Jammu legislative complex faces fund dearth as delay escalates cost

Jammu: Successive Chief Ministers and even Governors who were at the helm of affairs in Jammu & Kashmir in the last decade spent lavishly on hard-selling the theme of “good governance”. However, one such ambitious project still under construction for over one decade clearly exposes the “work culture” in the region. It is not just any other infrastructure project but the new legislative complex in Jammu. There is no fund for its completion.

Ironically, no attempts have been made to expedite the construction work and check the “unproductive” cost escalation.

The foundation stone of the complex was laid by the former Chief Minister Omar Abdullah in Jammu on July 1, 2011.

Initially, the project was estimated to be built at a cost of Rs 113 crore. Now the project execution agency — Jammu Kashmir Project Construction Corporation Ltd (JKPCC) — is awaiting the nod of the UT administration to complete the project at a revised cost of over Rs 190 crore.

According to the project engineers, the work on the project was going on smoothly till 2015 but the same hit the roadblock during the BJP-PDP alliance Government in office.

According to these official sources, it is around the same time the project executing agency had sought clearance from the Government as the revised cost was projected to be over Rs 150 crore. So far around Rs 80 crore has been spent by the JKPCC.

Non-availability of the funds not only delayed the completion of the project but added to the cost escalation. After the fall of the BJP-PDP alliance Government, the project remained a non-starter.

In August 2019, even after the erstwhile State of Jammu and Kashmir was reorganised following the Abrogation of Article 370 and Article 35A the project executing agency failed to receive the funds to complete the pending works.

The work was delayed further during Covid-19 pandemic.

Executive Director and JKPCC Chief Engineer Pradeep Kumar Sharma told The Pioneer, “Recently Chief Secretary Arun Kumar Mehta had visited the project site and issued necessary directions to submit the revised proposals and restart the work on the project on ground zero at the earliest.”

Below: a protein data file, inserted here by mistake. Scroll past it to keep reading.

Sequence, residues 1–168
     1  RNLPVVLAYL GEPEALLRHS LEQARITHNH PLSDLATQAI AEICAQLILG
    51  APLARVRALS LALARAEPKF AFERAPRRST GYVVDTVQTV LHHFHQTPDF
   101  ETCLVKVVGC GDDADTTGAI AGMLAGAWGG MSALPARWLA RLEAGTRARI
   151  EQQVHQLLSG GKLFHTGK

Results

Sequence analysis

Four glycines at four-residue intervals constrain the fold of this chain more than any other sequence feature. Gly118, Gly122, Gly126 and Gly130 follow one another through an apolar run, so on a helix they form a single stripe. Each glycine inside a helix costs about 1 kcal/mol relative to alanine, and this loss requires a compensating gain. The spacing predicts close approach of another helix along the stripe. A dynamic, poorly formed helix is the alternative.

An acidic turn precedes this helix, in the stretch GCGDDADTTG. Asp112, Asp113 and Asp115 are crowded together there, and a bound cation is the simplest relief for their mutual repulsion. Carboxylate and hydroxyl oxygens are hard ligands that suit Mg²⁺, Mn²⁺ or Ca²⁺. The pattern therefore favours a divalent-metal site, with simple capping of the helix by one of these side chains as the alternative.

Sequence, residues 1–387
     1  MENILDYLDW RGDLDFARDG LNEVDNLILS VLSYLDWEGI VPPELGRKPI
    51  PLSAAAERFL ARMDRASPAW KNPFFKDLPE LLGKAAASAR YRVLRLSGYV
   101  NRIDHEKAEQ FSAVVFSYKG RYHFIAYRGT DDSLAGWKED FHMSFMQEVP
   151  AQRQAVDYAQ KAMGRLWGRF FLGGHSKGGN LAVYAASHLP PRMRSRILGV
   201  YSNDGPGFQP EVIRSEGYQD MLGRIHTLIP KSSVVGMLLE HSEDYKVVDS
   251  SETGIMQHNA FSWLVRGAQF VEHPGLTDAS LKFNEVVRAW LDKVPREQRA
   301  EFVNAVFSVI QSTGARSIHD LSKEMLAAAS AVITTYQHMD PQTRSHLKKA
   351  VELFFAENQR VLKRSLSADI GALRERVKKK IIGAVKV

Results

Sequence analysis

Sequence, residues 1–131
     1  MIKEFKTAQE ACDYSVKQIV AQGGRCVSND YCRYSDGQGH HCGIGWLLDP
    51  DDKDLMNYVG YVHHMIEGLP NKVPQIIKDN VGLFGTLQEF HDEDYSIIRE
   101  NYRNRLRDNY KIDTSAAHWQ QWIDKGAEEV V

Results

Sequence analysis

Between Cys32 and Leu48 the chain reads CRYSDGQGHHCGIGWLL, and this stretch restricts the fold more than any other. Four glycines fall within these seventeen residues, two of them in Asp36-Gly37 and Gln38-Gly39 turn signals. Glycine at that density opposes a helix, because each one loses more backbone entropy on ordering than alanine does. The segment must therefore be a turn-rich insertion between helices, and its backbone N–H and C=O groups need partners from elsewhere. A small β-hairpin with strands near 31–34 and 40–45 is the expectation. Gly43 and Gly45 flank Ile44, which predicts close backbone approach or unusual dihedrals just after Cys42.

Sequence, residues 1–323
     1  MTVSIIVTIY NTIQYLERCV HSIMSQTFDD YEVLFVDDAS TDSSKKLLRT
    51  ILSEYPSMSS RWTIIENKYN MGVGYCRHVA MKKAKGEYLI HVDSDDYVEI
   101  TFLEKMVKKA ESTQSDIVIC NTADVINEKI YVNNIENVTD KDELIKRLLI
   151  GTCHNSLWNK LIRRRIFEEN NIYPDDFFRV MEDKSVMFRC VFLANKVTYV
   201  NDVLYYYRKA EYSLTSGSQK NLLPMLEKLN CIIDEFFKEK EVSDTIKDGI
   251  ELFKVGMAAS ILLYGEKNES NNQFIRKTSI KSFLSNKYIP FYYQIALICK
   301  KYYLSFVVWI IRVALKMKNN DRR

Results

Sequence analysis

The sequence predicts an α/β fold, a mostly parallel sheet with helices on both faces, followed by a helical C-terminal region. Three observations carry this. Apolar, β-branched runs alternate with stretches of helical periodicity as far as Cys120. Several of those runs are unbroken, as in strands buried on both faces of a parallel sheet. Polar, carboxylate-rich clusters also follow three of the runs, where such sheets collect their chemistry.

According to official sources, the mult- story structure is almost complete. Some civil/finishing works are left beside a connecting bridge to the complex.

“Once the funds are made available to us we should be able to complete the pending works in less than 6 months time”, a senior JKPCC engineer added.

Referring to certain design modifications Chief Engineer Pardeep Sharma said, “We are working hard on it. We will soon recall design consultants of the project to submit a revised proposal incorporating all the necessary modifications for a formal approval.”

He said we are not supposed to furnish the Upper House as the same has been abolished. Sharma, however, admitted the project was delayed over the non-availability of funds in the initial stages.

Project Engineers also attributed the escalated cost of the project to certain modifications suggested at a later stage which included the installation of the most advanced electro-mechanical and sound system

The complex has been equipped with a modern firefighting/alarm system, lifts, digital lighting control system, FACADE lighting, LAN, CCTV, PAVA, AV system, and solar lights besides rainwater harvesting and treatment systems.

In the Assembly Hall, space for 500 people for the Press gallery and visitors gallery has been created.